Three Prose Poems on Minnesota Moments by Davis Smith

Three Prose Poems on Minnesota Moments by Davis Smith

Author commentary: I am a passionate devotee of poetry, but sometimes I feel as if words refuse my sainted efforts to wrest them into lines and meter. For this reason, the concept of a prose poem appealed to me as I attempted to express my ideal image of word arrangement through what can be a more organic style. For these three prose poems, I honed in on personal encounters with nature that I have had throughout my life as a Minnesotan, particularly drawn from my experience in northern Minnesota. My style is informed by great poets who combined verbal music with perceptive observations about the natural world, such as John Keats and Gerard Manley Hopkins. The sketches illustrate different natural phenomena, but are tied together by reflections on the divine revelation in creation and the relationship between the three elements (water, earth, and air/sky) as well as the constant need for awakening and responsiveness to grace and beauty in all their forms.

1. The Quality of Ecstasy at Lake Superior

To send forth swells of lung-piercing air, perfumed with whiff of untouched earth, is its crowning glory. At the nativity of time, the thrice-emblazoned prime mover hovered over the bleached face of the waters, and when the silver-scented breeze glazes my face, it bears the brotherhood of water, earth, divinity, solidity, ephemerality. How I have often longed to open up the loamy earth and scoop out its sweet soil, yet when its visceral quintessence is floated and flung and blasted across the deeps from the unreal, gale-gashed, iris-pool blue of the skiey lake; I bury myself in beauty, I soar to the sculptor’s tower.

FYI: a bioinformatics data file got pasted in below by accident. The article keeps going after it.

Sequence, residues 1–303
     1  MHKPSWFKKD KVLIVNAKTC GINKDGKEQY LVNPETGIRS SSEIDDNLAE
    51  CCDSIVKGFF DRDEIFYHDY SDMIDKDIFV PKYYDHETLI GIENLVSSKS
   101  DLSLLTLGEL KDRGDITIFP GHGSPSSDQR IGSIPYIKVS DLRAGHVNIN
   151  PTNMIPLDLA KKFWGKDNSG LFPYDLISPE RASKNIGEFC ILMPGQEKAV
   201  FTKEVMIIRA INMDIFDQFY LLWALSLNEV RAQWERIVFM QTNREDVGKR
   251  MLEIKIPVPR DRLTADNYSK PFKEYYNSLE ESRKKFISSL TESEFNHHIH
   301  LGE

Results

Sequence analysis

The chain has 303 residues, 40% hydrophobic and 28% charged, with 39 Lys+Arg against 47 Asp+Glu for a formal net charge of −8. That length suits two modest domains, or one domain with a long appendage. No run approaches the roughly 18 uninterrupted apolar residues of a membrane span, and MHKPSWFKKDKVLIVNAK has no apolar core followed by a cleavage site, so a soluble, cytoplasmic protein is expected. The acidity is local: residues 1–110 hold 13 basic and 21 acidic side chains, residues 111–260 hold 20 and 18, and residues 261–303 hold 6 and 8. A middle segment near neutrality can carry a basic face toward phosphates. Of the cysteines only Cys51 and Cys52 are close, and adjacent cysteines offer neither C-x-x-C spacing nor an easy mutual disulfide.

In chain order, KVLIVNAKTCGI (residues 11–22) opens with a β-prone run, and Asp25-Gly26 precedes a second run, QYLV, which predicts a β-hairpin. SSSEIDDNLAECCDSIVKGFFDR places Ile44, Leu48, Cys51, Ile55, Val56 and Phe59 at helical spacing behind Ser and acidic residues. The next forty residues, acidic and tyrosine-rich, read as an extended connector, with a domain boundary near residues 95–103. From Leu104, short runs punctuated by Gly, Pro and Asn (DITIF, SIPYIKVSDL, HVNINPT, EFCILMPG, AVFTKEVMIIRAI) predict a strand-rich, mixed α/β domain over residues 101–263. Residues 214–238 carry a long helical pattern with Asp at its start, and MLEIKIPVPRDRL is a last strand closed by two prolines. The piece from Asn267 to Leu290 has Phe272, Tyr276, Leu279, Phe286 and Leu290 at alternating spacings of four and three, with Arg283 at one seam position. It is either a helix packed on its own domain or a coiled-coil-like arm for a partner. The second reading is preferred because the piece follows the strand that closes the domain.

To ravish the eye with fairest curve and swell of eternity: as the swerving dread of uncertainty meets unburied souls at Styx, and the heart-searing terror of the seraphically-charged coal scorched the world-weary prophet’s lips1, so the thrill of infinity plays over the sun-torched ripples, flecks over the endless benumbing pool (have I mentioned it is of a lacerating blue; an impossible, velvet-pile blue that Plato would have died to dream of?) The eye sweeping in an eccentric orbit from heaven to water, from land to lake, sees little to separate them: after all, doesn’t the sky lend its lapis lazuli to the colorless waters, linking its ever-rolling sibling inextricably with its character? Does not this breath-snatching blue expanse nourish the land as well? Earth cannot sustain us if it fails to maintain its divine harmony, yet shouldn’t our mode of survival be rational? So much water, so much life, so much sky, so much soil and light: is not abundance senseless? Does not fecundity blind with its splendor and fail to console? Surely we do not crush the milkweed of existence, sail the primordial waters of creation, just to find senseless greatness, too much with which to stuff our souls?

2. On Midwinter

When nature stings and burns the being, turning puffball noses into free-flowing fountains; when lavish terraced layers hardly suffice to keep away the raging ice; when the distance-shrunken orb of life sends forth its quixotic beams to lance the deadly peaceful air—this, then, is poetry; the tender warp and woof, stuff and flinty fabric, out of which we craft hamlets in the firmament, igloos in the empyrean.2 Comfort numbs us into earth-chained somnolence, but hostility chips away the time-caked core at the heart of life, exposing the pearly crescent of truth.